For the first time since 1979, the city of New Orleans will cancel its world-famous Mardi Gras parades in 2021, due to the coronavirus pandemic.
New Orleans Mayor LaToya Cantrell announced that all parades in the 2021 Mardi Gras celebration coming in February had been scrapped.
“Parades of any kind will not be permitted this year because large gatherings have proven to be super-spreader events of the COVID-19 virus,” Cantrell wrote on the city’s website.
But, despite cancelled parades, New Orleans is trying to salvage its biggest annual event and won’t call it “cancelled.”
A message posted Tuesday on the city’s Twitter account showed an illustration with the slogan, “Mardi Gras is different, not cancelled.”
“With COVID-19 spreading, we need to modify carnival season so it’s safe for everyone,” the city said.
It’s unclear how Mardi Gras will play out without its centerpiece: the iconic Fat Tuesday parades that attract an estimated 1.4 million visitors annually.
Dozens of parades are normally held in Orleans Parish alone, including carnival processions held in the days leading up to Mardi Gras, which falls on February 16 this year.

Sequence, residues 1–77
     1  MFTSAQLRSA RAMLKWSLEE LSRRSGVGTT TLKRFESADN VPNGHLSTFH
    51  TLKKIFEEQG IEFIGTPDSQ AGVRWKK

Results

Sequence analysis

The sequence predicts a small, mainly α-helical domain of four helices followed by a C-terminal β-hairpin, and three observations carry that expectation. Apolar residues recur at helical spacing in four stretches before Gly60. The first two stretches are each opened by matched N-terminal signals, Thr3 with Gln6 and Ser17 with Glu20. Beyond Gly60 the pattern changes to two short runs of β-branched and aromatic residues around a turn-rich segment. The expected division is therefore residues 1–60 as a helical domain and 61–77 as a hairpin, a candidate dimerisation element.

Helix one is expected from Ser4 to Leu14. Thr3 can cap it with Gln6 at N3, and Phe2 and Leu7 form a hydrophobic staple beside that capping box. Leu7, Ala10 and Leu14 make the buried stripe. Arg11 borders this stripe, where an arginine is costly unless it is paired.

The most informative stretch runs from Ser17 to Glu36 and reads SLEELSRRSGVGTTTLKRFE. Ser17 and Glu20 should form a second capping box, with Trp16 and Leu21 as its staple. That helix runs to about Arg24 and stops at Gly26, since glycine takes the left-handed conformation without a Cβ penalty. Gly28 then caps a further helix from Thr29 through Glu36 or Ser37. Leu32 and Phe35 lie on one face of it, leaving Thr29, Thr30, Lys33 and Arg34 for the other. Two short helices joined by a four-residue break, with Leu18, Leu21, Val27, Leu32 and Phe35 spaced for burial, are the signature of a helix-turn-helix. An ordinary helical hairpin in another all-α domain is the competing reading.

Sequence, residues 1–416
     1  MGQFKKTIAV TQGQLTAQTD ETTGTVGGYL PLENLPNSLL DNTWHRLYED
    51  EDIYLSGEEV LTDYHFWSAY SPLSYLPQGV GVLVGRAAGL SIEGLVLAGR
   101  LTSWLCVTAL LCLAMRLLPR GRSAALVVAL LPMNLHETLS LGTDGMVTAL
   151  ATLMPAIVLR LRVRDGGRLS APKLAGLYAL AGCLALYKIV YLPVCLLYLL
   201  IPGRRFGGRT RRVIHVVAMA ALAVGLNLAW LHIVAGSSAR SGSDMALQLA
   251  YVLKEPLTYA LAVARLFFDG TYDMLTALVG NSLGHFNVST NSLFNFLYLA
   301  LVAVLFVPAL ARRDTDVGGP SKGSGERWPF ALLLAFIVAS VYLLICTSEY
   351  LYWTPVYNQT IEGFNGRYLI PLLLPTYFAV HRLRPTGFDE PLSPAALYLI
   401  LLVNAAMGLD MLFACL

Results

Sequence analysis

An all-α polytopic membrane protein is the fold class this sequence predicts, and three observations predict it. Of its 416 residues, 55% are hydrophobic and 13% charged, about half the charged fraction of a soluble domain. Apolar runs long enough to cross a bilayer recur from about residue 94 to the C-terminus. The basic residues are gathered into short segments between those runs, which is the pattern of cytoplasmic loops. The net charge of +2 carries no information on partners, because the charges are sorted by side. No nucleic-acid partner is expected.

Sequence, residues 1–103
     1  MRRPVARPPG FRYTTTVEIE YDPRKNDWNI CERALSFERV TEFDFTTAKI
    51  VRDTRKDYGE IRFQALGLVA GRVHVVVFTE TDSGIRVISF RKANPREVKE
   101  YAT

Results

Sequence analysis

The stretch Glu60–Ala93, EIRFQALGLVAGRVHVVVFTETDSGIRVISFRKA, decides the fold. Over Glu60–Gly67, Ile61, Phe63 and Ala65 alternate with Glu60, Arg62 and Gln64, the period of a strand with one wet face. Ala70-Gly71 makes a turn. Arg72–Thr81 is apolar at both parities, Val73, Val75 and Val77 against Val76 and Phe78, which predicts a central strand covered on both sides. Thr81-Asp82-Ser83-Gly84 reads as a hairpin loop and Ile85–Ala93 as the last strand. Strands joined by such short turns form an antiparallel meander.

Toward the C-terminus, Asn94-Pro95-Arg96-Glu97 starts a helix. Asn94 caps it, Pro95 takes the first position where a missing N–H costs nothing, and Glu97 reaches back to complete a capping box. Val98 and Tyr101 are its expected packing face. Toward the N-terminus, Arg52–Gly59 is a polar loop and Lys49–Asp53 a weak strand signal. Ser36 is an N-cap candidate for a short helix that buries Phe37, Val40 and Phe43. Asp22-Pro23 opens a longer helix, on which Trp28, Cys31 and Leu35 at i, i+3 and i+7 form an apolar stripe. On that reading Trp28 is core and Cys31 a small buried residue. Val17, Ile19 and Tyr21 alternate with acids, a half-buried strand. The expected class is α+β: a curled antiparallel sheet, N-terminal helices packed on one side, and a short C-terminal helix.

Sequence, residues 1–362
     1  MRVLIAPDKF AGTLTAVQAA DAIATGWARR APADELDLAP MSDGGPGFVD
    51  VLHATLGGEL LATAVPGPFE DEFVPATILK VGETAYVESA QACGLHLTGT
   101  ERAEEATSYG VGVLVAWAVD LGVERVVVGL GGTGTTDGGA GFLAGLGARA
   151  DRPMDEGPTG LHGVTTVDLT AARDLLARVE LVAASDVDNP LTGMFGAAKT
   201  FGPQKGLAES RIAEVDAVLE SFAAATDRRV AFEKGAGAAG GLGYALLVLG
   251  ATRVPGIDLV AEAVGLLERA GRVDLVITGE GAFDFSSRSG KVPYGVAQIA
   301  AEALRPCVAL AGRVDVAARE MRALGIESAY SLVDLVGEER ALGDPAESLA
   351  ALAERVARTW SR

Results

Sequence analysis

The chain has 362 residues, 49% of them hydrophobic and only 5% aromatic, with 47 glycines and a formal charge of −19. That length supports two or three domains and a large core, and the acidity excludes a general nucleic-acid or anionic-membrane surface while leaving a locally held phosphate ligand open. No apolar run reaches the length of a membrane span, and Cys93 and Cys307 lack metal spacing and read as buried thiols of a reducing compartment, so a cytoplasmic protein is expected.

New Orleans previously only cancelled parades during the Civil War, civil unrest in 1875, World War I, World War II and a 1979 police strike.
Social clubs, called Krewes, will still be allowed to host their Mardi Gras balls, but they will be required to adhere to social-distancing guidelines, and the events will be invitation-only, meaning members of the public can’t attend, according to the city’s website. Krewes normally band together to build parade floats.
The Bourbon Street and Frenchman Street entertainment districts in the city’s French Quarter will be open, but the partying will be constrained by Covid-19 restrictions, including restaurant and bar capacity limits, limitations to business hours, mandated mask-wearing and a six-foot distancing requirement. House parties will be subject to similar restrictions.